Tino’s Italian Bistro in Columbia
By Martha Thomas
Wednesday, March 20, 2013
Tino’s Italian Bistro in Columbia is a full-service restaurant, complete with Sunday night deals on bottles of wine and the promise of quick sit-down lunches for workers from nearby office buildings. But owner Chris Infantino, a former mortgage lender, aimed for a brisk trade in carryout as part of his original business plan. So he set up an online ordering system within months of opening in 2011; along with delivery, it accounts for about 30 percent of his business.
His food is a satisfying array of red-sauced classics. Many of the recipes come from his family. The popular meatball, for example, worthy of stand-alone status as an appetizer, is gently seasoned and softened with a blend that we’re guessing includes Parmesan cheese and bread crumbs. Infantino won’t reveal his great-grandmother’s formula.
Dense and chewy baguettes are baked daily in-house. Generous chunks are accompanied by crushed red pepper flakes and herb-infused oil for dipping, even when packed for carryout.
I logged onto Tino’s Web site recently to schedule an order for pickup at noon. When I walked through the restaurant door, my food had just been placed on the stainless-steel shelf between the kitchen and dining room. I’d paid in advance by credit card (though there’s an option to pay upon pickup), so the entire transaction involved almost no verbal communication. Efficient; to some, that constitutes a plus in an age of texts and Tweets.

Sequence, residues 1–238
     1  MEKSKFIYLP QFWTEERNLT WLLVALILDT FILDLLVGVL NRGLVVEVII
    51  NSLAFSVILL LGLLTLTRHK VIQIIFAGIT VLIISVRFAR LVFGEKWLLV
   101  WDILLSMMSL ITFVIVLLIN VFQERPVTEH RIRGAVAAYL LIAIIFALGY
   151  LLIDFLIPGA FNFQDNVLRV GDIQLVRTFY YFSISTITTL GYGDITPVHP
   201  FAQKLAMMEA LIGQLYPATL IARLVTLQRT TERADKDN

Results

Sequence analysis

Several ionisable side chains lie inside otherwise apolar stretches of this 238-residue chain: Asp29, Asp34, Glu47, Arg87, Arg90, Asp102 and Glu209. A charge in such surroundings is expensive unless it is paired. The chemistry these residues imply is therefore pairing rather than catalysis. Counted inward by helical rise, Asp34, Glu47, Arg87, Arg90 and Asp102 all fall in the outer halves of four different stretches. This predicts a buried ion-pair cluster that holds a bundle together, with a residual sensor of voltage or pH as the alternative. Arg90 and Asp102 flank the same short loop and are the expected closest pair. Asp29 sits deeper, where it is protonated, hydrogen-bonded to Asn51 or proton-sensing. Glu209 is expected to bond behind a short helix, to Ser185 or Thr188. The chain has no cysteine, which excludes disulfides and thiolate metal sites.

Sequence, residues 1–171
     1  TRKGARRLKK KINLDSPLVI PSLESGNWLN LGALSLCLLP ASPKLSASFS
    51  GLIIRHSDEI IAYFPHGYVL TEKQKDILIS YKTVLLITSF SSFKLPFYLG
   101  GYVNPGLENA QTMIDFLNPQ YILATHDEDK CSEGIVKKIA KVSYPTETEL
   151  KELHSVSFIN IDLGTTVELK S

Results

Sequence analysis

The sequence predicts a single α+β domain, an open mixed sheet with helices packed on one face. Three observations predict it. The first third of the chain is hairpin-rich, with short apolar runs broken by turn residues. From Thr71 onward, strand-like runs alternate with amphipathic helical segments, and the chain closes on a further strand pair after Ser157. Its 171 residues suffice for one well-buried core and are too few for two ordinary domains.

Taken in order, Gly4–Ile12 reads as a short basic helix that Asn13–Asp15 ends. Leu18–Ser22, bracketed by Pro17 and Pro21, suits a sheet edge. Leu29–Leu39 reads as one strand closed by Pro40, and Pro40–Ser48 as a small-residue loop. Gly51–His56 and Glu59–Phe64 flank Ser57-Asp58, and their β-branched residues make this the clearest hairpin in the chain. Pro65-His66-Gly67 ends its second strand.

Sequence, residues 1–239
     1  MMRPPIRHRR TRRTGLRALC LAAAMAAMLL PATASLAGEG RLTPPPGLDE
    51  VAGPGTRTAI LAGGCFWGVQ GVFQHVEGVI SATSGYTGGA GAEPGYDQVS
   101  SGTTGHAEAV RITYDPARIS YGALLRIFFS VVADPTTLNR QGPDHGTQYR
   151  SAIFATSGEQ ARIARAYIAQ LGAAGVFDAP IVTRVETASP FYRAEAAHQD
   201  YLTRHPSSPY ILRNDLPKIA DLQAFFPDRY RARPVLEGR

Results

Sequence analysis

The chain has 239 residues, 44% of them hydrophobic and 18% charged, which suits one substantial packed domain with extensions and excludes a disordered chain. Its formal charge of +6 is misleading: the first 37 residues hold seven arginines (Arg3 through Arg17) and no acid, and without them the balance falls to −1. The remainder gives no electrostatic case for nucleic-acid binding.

The pizza (10-inch, $9.99; 14-inch, $13.99; 18-inch, $15.99) is thin-crusted but not crisp, which facilitates folding the slices as you eat: New York style, a personal preference of mine. Its tangy, house-made tomato sauce is applied with a light touch. (Sicilian deep-dish is also available, $19.99.) A single serving of pasta is large enough to be shared by two or three.
The extravagant-sounding Veal Chesapeake ($20.99) features slices of veal pounded thin, sauteed with crabmeat and served atop angel hair pasta in a creamy pink sauce. Truth be told, the dish was too rich; we preferred the more straightforward shrimp scampi (lunch, $11.99; dinner, $17.99), whose star ingredient was firm yet flavorful, with al dente linguine tossed in garlic and lemon.
There’s also a “create your own” pasta selection. Start with noodles or gnocchi, then pick sauces and proteins to mix and match. Tino’s offers a handful of gluten-free pasta dishes.
From the short list of Italian hoagies, we weren’t disappointed with our eggplant Parmesan ($7.99), thin slices of breaded eggplant drizzled in tomato sauce, topped with melted cheese and mounded on a soft roll. Desserts ($5.99 to $7.99) include cannoli, tiramisu and a light strawberry-filled millefoglie pastry.